Let’s start by defining disruption. I’m not using it in the popular way, but rather how it was defined decades ago by Clay Christensen.
Disruption is when a company starts out by offering something that the incumbent’s most demanding and profitable customers view as significantly worse. However, the new offering appeals to overlooked, less profitable customer segments. The appeal comes from offering a new form factor that is more suitable to the incumbent’s less profitable customers. The new form factor then also appeals to people who were so poorly served by the existing offering that they previously weren’t customers at all.
Because the incumbent is focusing on serving its most profitable customers, it is slow to react. In the meantime, the new company rapidly improves the disruptive product to make it also appeal to more demanding customers. By the time the incumbent’s most demanding and profitable customers begin to leave for the new offering, the incumbent has lost.
Netflix has been a disruptor twice in its history. First it disrupted incumbent home video rental companies, such as Blockbuster. Initially most of Blockbuster’s customers viewed Netflix as worse because they had to wait to get a DVD and deal with the hassle of returning the envelope in the mail. However, for those that wanted more selection and were willing to wait, and often pay less, Netflix was great. The combination of fast shipping, improved selection, and no late fees eventually won over many of Blockbuster’s core customers.
Once the internet got good enough to enable streaming, Netflix went after movies and linear TV. Initially most moviegoers perceived watching a movie on Netflix as way worse than going to the theaters; some still do. Likewise, initially the most demanding TV watchers could not find what they wanted on Netflix. However, for those who wanted to watch older or more obscure movies and TV shows at a cheaper price, Netflix was a great fit. As Netflix started adding better and better movies and TV shows, and as home-viewing technology improved, mainstream moviegoers and TV watchers have increasingly realized that Netflix is more than good enough for their entertainment needs.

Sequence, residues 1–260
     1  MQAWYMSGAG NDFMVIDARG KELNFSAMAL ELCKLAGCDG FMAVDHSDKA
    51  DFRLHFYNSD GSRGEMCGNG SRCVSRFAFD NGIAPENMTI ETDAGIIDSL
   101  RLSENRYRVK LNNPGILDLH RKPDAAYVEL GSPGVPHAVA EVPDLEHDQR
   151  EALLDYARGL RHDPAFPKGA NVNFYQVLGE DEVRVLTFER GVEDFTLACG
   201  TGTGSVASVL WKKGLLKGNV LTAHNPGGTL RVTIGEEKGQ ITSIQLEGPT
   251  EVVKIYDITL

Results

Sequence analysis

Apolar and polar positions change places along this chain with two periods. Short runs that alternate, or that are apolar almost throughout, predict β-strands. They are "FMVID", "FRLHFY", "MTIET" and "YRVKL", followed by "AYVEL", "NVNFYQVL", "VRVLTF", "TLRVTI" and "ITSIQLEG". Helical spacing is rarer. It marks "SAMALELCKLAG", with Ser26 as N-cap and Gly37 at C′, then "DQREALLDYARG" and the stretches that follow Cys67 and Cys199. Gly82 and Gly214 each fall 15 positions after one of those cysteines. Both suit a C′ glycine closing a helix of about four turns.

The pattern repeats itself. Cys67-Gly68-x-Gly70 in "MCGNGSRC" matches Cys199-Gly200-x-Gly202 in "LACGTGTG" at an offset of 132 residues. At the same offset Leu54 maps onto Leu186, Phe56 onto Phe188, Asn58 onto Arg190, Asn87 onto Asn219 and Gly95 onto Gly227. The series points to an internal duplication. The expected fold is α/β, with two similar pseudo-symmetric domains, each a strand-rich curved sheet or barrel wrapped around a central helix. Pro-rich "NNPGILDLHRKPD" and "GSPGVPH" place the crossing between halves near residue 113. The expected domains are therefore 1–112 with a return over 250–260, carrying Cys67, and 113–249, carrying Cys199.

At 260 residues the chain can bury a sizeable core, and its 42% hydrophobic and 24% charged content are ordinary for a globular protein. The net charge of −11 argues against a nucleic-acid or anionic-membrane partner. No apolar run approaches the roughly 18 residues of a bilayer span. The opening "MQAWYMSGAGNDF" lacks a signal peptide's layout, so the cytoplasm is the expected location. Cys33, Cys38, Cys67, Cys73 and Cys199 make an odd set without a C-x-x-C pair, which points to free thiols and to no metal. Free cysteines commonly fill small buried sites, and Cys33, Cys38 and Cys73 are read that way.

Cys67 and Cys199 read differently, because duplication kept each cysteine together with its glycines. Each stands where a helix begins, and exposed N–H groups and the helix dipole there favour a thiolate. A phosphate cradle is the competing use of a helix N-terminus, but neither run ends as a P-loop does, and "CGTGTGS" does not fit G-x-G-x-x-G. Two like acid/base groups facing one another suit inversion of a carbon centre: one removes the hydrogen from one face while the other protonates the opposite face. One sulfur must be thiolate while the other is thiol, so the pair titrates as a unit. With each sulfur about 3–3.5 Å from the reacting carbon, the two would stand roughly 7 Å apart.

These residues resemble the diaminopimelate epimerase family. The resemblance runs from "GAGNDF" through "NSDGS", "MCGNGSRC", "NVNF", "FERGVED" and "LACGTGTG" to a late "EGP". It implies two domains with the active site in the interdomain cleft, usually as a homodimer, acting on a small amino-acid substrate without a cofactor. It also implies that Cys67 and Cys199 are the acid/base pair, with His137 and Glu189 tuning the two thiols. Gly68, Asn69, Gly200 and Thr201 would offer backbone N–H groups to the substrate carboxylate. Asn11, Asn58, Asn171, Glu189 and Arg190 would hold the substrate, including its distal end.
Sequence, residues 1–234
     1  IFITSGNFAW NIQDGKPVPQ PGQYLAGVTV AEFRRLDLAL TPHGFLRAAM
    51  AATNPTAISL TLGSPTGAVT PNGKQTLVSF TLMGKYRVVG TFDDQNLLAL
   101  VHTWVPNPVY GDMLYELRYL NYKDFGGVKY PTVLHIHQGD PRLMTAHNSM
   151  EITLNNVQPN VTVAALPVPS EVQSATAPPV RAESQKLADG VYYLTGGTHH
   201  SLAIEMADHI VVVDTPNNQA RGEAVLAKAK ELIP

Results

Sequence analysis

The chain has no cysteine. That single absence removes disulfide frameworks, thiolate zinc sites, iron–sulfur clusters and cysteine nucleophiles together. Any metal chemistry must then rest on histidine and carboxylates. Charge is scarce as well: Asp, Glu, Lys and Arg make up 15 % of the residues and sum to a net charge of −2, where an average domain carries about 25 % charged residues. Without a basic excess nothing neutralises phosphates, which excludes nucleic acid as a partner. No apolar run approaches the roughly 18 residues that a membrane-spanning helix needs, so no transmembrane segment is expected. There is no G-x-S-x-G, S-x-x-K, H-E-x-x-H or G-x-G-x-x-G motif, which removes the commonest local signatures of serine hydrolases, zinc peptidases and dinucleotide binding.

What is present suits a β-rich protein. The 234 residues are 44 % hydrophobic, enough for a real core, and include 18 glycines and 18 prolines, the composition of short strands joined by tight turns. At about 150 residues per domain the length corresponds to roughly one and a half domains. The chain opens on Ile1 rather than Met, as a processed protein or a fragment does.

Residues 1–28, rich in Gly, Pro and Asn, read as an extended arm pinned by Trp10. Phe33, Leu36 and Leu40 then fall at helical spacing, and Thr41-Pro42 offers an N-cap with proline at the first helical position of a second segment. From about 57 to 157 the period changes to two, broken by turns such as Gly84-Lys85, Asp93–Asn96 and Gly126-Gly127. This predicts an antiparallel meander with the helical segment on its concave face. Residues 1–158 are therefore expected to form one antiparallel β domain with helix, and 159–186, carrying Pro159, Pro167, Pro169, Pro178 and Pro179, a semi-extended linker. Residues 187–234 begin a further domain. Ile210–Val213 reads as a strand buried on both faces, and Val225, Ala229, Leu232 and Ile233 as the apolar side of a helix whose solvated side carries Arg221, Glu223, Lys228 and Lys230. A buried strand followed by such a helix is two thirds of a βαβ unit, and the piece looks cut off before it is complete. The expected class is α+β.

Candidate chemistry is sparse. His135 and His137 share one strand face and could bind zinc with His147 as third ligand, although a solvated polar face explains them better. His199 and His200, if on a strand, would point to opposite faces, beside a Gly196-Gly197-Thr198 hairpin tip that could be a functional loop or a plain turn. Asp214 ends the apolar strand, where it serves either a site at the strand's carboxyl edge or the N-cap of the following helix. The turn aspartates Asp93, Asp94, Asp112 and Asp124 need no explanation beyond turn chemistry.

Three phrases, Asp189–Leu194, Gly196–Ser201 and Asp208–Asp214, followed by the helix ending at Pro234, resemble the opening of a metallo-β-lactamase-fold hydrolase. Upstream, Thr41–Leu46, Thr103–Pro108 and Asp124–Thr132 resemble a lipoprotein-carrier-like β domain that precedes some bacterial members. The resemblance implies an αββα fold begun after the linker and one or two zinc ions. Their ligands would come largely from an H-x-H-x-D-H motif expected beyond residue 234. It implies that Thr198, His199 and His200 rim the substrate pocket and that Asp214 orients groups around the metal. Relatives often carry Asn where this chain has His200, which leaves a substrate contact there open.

Netflix now has its sights on video games. Somewhat like streaming was to DVDs, gaming and other entertainment forms are a substitution threat to movies and TV. Here’s what Netflix co-CEO Reed Hastings said about the problem in an Wired interview last year:
When we look at the future, someday series and films may be like the novel or the opera, sort of a very small art form. What are the things that might outcompete movies and series? One would be user-generated content like YouTube or TikTok. Another might be new hardware-assisted AI/AR, you know scenarios. Another might be video gaming. So these are all potential substitution threats.
We know how to compete directly against HBO Max and Disney+, and that’s great and hard and interesting and fun. And then there’s these substitution threats where getting into their business is not a good way to compete with them because we won’t be as good at them. But for now movies and series seem very strong, seem like a core human format. Remember that movies have been around for over 100 years, continue to grow; TV series for 60 years now and continue to grow. So I think we’re onto a pretty long-term thing. But at least in principle, someday movies and TV shows will be small.
For what it’s worth, Hastings has been publicly addressing this problem for at least five years. He gave three interviews in 2016 making basically the same comments. See here, here, and here. (The second and third interviews are particularly good.)